This recipe is in homage to my favourite restaurant. I wouldn't blame you for assuming that my favourite restaurant is some kind of plant-based central-London gourmet hotspot. However, that is far from the truth. It's a £7.95 Indian buffet.

It’s called Indian Veg. The food, although delicious, isn't why I like it so much. It's the charm of the place. You walk in to a bustling room attended by only a couple of staff. Every inch of wall space is adorned with bizarre vegetarian propaganda. But not in a preachy way – every poster or printout becomes a talking point because each one is utterly bizarre. They range from dramatic nutritional claims – "carrots keep you young!" – to adages about compassion. Images of random animals like macaws and tortoises border the posters. What’s more, there are blown-up newspaper headlines from tabloid newspapers, which I'm convinced are entirely fabricated.

I'm just as bemused as to how the restaurant is still afloat. It costs £7.95 per head (£4.50 at lunchtime), you eat as much as you like, bring you own booze – so end up lingering long after you've finished eating – and it's located in expensive Islington. They even feed homeless people for free. The equation doesn't add up, and it makes me love it all the more.

But onto the food. It's all vegetarian with roughly two-thirds suitable for vegans. Alongside classics such as yellow split-pea dhal and pilau rice are more obscure creations like a vegetable curry containing chunks of bread. A few of the buffet containers are filled with delicious deep fried goodies like pakoras, onion bhajis and little fried pita breads. I always eat loads of these because I can never muster the energy to deep fry at home. There are some more healthy options, as well, for instance cauliflower rice, beetroot salad and various grated, spiced slaws.

Strangely enough, my favourite thing to eat there is the spicy mashed potato. Normally I don't eat too many potatoes – I’m not a huge fan of how they sit in your stomach – but this spicy mashed potato is something else. It's addictively salty, vibrant tumeric-orange and has a nice after-kick of chilli. I've attempted to recreate it in today's recipe, as well as a take on their pea curry. I'm particularly pleased with this because I've cracked what I call the 'takeaway curry consistency' – a smooth, soupy, rich sauce, as opposed to homemade curries which tend to be more chunky. The trick is to blitz the onion, garlic and ginger with a little water and fry the resulting paste. Here's a link to Indian Veg. I'm not at all affiliated with it. I just love it.

Curried Peas w/ Spiced Potato Mash

Serves 4
Prep time:
30 mins
Cook time:
30 mins


(see optional substitutions below, too)

  for the spiced mashed potato
750g/1.7lbsfloury potatoes, e.g. Maris Piper or Russet, peeled and cubed
3½ tbspneutral oil e.g. sunflower
1 tbspblack mustard seeds
1 tspcumin seeds
1 thumbginger, finely chopped
2 clovesgarlic, finely chopped
½fresh green chilli, deseeded and finely chopped (use whole chilli if desired)
1 tspgaram masala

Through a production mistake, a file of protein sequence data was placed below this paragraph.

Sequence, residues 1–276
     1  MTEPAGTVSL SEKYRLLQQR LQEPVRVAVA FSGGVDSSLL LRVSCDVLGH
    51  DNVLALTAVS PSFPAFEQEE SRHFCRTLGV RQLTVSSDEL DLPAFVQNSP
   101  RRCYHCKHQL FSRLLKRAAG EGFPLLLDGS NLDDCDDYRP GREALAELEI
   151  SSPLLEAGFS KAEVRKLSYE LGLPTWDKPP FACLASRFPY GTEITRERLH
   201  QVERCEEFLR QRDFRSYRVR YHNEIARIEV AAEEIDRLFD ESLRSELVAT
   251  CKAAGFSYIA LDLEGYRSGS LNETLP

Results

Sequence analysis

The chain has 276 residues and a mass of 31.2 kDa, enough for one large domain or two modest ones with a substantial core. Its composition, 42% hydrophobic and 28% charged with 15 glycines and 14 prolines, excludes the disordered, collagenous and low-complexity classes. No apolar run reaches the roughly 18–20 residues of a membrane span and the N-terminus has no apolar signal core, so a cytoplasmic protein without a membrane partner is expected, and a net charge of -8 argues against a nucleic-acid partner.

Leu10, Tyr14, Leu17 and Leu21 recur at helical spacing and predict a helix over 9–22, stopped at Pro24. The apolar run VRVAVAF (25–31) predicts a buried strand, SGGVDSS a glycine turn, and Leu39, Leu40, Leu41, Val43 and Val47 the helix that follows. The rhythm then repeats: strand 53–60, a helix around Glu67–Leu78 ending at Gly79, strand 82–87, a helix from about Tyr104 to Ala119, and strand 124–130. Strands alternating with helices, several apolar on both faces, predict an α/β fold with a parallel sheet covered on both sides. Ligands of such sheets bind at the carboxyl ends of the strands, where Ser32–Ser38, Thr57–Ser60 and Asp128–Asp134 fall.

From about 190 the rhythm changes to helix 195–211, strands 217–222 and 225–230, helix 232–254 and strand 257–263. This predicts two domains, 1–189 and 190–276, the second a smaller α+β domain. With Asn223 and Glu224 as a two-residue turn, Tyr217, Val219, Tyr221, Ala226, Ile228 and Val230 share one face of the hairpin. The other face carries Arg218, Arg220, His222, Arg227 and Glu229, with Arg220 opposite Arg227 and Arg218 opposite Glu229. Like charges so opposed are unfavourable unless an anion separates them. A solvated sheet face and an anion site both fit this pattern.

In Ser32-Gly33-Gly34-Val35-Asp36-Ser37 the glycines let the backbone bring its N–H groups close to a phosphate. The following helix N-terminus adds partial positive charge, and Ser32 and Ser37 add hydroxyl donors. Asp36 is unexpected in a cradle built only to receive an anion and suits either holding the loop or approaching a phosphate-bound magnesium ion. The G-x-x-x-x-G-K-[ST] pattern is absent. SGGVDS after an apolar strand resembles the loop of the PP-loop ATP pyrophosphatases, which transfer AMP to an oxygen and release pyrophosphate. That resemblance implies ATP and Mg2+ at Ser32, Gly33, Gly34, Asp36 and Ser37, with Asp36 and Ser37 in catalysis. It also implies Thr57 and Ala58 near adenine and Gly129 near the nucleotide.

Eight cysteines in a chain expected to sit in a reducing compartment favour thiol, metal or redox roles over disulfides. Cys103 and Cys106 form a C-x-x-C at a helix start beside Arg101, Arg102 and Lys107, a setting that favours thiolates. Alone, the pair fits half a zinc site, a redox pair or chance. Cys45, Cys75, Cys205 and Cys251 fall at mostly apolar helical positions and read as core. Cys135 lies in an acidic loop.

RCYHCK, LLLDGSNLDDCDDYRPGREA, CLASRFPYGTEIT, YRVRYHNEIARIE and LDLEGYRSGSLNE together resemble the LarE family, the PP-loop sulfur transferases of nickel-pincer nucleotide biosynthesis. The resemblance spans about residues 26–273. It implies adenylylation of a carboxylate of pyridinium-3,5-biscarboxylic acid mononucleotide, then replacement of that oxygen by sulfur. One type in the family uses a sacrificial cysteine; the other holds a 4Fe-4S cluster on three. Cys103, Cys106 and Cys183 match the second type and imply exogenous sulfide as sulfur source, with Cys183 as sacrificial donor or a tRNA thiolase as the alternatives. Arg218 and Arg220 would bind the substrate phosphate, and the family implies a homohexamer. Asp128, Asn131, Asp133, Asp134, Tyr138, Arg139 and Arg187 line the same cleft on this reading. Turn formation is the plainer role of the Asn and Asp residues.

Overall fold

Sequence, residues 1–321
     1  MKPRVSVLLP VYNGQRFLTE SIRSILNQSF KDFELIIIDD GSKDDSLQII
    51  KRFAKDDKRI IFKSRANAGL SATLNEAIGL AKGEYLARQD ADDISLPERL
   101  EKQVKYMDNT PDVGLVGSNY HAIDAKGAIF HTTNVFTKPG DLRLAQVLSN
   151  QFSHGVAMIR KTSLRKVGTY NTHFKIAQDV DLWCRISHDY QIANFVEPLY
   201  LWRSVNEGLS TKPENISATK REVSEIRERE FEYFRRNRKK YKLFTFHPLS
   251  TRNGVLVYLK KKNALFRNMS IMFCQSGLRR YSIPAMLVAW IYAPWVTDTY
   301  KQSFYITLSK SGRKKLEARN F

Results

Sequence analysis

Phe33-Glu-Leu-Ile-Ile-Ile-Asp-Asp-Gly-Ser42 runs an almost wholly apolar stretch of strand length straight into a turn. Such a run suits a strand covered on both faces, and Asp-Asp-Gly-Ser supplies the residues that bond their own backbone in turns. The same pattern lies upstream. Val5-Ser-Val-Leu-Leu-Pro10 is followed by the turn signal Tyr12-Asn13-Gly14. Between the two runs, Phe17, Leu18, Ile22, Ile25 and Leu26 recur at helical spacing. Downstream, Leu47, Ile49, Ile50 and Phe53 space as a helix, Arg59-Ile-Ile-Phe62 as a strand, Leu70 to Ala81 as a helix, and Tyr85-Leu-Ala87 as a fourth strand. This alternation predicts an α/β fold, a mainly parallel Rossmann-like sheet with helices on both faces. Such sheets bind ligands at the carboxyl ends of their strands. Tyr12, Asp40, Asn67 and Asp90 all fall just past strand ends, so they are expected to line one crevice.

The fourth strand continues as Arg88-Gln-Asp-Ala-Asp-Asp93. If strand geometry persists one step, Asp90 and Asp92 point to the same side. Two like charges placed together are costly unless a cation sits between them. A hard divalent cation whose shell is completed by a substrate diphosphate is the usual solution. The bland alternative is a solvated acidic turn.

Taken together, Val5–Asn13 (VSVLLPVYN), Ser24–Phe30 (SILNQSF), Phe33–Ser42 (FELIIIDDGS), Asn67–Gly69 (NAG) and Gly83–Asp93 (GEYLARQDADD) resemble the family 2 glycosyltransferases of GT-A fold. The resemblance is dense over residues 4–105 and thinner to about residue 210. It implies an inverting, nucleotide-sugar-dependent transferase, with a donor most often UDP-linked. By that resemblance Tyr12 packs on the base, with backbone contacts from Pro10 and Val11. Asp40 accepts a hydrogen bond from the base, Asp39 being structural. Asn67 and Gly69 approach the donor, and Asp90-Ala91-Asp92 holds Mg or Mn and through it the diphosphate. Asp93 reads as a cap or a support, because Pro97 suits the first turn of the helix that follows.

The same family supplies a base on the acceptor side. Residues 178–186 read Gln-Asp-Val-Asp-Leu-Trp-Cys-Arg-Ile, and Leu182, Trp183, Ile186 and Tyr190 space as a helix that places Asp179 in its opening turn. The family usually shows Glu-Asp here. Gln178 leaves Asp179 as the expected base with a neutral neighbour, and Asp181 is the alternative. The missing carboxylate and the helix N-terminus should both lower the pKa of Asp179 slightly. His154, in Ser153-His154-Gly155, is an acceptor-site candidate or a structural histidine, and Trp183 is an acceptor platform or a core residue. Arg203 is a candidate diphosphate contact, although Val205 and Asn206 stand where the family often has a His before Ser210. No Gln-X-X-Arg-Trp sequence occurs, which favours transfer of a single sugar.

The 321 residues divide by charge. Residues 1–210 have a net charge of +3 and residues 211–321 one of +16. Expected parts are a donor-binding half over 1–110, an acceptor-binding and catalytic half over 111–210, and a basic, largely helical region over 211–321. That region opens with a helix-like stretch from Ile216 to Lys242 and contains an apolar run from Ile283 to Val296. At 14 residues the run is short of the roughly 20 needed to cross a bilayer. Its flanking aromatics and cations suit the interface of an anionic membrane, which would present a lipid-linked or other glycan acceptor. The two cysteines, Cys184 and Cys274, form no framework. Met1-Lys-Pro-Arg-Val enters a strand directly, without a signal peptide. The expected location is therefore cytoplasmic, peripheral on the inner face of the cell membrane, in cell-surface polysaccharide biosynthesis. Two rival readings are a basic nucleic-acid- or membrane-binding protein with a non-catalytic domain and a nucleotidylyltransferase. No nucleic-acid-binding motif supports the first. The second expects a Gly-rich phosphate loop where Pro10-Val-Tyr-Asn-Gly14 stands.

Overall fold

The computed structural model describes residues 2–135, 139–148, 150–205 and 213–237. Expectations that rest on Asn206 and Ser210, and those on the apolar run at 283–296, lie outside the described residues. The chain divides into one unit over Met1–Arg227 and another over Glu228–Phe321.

1 tspground turmeric
120ml/½ cupplant-based milk e.g. almond, soy
½ tspfine salt
  for the curried peas
1 mediumonion, roughly chopped
1 thumbginger, chopped
4 clovesgarlic, chopped
3 tbspneutral oil e.g. sunflower
1 tsptomato puree
1 tspground cumin
1 tspground coriander
1 tspground turmeric
½ tspchilli powder
½ x 400ml/14oz canfull fat coconut milk
420g/3 cupsfrozen peas
1 tspfine salt


    For the potatoes:

  1. In a large saucepan bring 1.5 litres (6 cups) of water to a boil with 2¼ tsp fine salt.
  2. Boil the potatoes for approximately 20 minutes until a skewer pierces them easily.
  3. Meanwhile, heat the oil in a frying pan over a high heat.
  4. Fry the black mustard seeds and cumin seeds until they start to pop (about 30 seconds to 1 minute).
  5. Turn the heat down to medium and fry the ginger, garlic and chilli for 3-5 minutes.
  6. Stir in the garam masala and turmeric and fry for 1 minute further. Stir in the milk (don't worry if it curdles) and remove from the heat.
  7. When the potatoes have finished boiling, drain and leave to cool slightly. Mash them thoroughly with a potato masher.
  8. Mash in the garlic-ginger-milk mixture and set aside.

For the curried peas:

  1. Blend the onion, ginger and garlic together with 4 tbsp water. I used an immersion (stick) blender to do this but you could use a food processor or jug blender.
  2. Heat the oil in a medium or large saucepan over a medium-high heat. Fry the onion-garlic-ginger paste for about 10 minutes, stirring every few minutes. Some of the water should have evaporated and the mixture started to brown by 10 minutes.
  3. Stir in the tomato puree, then add the cumin, coriander, turmeric and chilli powder. Fry for a few more minutes.
  4. If your coconut milk has separated once you open the can, mix it thoroughly with a fork. Stir the half can of coconut milk in to the saucepan mixture and then add the peas. If the curry looks a little dry add 60ml/¼ cup water.
  5. Bring to a boil then simmer until the peas are cooked through (about 5 minutes). Stir through the teaspoon of salt.
  6. Spoon a serving of mashed potato onto each plate and pour over a serving of curried peas. Sprinkle over some fresh parsely or coriander if desired.

Optional substitutions:

listed ingredient can be swapped for
neutral oil rapeseed (canola) or coconut oil
frozen peas fresh peas